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Hungary passes law banning LBGT content in schools

Hungary passes law banning LBGT content in schools

Hungary’s parliament has passed a law banning LGBT content in schools, as Viktor Orbán’s ruling party intensified its campaign against gay rights.

The national assembly passed the legislation by 157 votes to one, after MPs in the ruling Fidesz party ignored a last-minute plea by one of Europe’s leading human rights officials to abandon the plan as “an affront against the rights and identities of LGBTI persons”.

Despite a boycott of the vote by some opposition politicians, the outcome was never in doubt, as Fidesz has a healthy majority and the plans were supported by the far-right Jobbik party.

The measures have been likened by critics to Russia’s 2013 law against “gay propaganda” that independent monitors say has increased social hostility and fuelled vigilante attacks against lesbian, gay, bisexual and transgender people in the EU country’s eastern neighbour.

The Hungarian legislation outlaws sharing information with under-18s that the government considers as promoting homosexuality or gender change.

“There are contents which children under a certain age can misunderstand and which may have a detrimental effect on their development at the given age, or which children simply cannot process, and which could therefore confuse their developing moral values or their image of themselves or the world,” said a Hungarian government spokesperson.

The law also means only individuals and organisations listed in an official register can carry out sex education classes in schools, a measure targeting “organisations with dubious professional background … often established for the representation of specific sexual orientations”, the government spokesperson said.

Companies and large organisations will also be banned from running adverts in solidarity with gay people, if they are deemed to target under-18s. In 2019, a Coca-Cola ad campaign featuring smiling gay couples and anti-discrimination slogans prompted some prominent Fidesz members to call for a boycott of the company’s products.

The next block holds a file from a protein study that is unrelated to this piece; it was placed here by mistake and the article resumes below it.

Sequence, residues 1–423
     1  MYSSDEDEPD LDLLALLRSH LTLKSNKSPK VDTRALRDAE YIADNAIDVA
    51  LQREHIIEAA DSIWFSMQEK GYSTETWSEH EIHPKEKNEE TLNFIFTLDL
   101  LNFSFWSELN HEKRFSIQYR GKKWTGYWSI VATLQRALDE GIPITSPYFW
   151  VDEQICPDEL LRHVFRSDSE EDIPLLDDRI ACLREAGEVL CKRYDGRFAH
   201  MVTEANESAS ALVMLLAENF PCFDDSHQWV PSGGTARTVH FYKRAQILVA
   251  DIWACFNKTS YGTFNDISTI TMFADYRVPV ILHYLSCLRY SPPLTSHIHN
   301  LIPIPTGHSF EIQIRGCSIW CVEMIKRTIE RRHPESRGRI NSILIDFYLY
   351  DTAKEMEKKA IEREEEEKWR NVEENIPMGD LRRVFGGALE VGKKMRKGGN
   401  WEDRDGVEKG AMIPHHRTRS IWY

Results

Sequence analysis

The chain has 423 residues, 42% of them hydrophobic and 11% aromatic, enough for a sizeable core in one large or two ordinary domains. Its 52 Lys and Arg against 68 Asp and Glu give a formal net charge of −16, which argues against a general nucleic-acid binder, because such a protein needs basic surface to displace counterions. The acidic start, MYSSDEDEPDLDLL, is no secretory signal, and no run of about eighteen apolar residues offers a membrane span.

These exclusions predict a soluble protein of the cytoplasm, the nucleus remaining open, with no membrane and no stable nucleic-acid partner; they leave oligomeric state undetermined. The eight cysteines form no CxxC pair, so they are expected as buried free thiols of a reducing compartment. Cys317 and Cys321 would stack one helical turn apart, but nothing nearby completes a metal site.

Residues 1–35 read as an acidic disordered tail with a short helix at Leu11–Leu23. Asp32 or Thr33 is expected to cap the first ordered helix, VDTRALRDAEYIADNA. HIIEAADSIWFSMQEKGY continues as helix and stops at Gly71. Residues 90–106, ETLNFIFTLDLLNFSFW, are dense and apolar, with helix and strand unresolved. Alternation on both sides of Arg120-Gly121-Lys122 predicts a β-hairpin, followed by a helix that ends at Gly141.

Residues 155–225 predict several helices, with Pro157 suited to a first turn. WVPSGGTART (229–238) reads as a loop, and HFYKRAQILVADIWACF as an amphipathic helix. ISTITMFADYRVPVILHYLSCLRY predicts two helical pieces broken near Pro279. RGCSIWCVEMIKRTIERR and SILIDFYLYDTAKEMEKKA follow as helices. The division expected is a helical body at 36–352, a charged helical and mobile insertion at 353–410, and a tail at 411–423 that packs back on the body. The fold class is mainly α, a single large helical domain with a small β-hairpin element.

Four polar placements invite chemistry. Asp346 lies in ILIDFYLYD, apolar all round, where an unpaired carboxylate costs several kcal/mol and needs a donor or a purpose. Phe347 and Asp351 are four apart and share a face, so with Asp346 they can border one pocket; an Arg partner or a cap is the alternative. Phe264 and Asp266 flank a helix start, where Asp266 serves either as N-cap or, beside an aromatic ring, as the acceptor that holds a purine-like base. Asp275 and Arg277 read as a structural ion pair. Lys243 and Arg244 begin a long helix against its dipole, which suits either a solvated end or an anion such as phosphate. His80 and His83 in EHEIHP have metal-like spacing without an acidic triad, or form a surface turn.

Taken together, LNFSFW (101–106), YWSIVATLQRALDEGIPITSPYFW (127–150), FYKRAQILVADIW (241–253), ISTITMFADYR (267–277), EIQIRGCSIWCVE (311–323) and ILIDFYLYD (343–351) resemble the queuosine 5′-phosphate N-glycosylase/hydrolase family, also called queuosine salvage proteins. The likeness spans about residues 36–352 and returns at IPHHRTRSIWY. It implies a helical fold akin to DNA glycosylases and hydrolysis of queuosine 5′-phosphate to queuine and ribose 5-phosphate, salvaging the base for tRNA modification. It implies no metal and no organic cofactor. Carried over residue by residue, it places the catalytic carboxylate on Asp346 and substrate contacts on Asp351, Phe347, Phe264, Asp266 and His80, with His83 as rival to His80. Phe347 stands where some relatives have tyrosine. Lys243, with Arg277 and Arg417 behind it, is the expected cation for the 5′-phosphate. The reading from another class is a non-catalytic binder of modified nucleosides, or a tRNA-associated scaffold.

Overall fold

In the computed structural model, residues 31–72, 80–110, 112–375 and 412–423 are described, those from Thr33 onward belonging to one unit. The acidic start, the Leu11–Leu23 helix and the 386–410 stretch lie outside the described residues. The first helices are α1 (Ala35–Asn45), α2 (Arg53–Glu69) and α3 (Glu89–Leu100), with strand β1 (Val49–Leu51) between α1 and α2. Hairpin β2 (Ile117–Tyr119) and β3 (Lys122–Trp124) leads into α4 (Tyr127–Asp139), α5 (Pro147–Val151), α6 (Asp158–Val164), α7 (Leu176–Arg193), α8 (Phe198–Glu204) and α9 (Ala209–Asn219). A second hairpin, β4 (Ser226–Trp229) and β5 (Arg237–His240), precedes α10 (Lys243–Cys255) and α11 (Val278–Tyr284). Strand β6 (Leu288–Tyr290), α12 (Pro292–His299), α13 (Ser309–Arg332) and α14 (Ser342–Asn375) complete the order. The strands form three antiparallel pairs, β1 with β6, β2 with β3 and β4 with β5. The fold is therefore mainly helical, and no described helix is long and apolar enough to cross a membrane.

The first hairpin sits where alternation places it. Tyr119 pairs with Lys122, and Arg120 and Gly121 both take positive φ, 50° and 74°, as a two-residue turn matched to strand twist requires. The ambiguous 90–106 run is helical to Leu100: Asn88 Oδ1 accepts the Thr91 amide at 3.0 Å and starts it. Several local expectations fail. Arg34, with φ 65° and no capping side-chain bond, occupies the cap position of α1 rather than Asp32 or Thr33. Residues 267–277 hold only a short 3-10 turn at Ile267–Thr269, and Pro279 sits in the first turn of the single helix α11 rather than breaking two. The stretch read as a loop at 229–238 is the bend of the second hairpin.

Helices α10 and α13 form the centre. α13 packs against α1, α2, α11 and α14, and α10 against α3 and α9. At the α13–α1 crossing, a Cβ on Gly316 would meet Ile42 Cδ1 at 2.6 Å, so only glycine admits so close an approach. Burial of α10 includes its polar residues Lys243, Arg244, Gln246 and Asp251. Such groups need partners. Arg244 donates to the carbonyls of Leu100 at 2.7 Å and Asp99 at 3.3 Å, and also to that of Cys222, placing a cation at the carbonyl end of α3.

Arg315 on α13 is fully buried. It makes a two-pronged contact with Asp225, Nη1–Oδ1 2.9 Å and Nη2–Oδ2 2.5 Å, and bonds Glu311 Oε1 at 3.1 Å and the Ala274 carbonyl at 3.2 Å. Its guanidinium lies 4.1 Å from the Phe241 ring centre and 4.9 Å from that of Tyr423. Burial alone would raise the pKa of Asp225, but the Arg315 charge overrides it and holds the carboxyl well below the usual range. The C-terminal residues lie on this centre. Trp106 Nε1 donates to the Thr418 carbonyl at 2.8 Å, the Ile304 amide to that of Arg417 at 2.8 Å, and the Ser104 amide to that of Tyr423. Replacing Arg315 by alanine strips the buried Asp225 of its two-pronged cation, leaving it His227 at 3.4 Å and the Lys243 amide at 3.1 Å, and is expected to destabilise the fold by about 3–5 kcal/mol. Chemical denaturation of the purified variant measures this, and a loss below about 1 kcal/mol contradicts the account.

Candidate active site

A coalition of human rights campaigners, including Amnesty International Hungary, have described the plans as “a frontal attack on freedom of expression and children’s rights”.

Anna Donáth, a member of the Hungarian opposition, who sits in the liberal group in the European parliament, called on EU authorities to take immediate action, without specifying what she had in mind.

“The law is incompatible with the fundamental values of European democratic societies as well as the values of the Hungarian citizens and is only the latest of many shameful attacks on LGBTIQ rights by Viktor Orbán’s government,” she said. “We need more European examples and more acceptance instead of Russian examples of propaganda laws.”

The latest measures, only tabled last week, follow the decision to effectively ban adoption by gay couples and end legal recognition for gender changes, including people who have already made the switch.

While Viktor Orbán’s government has targeted migrants in its political messaging, gay rights have come under increasing pressure ahead of parliamentary elections in 2022.

Earlier this year the Hungarian government ordered a small publisher to print disclaimers in a children’s book of fairytales containing “behaviour inconsistent with traditional gender roles”. The publishers of Wonderland Is for Everyone wanted to promote tolerance of sexual and minority ethnic groups, but Orbán denounced the book as “a provocative act” that had crossed a red line.

On the eve of Tuesday’s vote, the Council of Europe’s commissioner for human rights, Dunja Mijatović, described the legislation as an “affront against the rights and identities of LGBTI persons” that curtailed freedom of expression and education of all Hungarians. “The proposed legislative amendments run counter to international and European human rights standards. It is misleading and false to claim that they are being introduced to protect children.”

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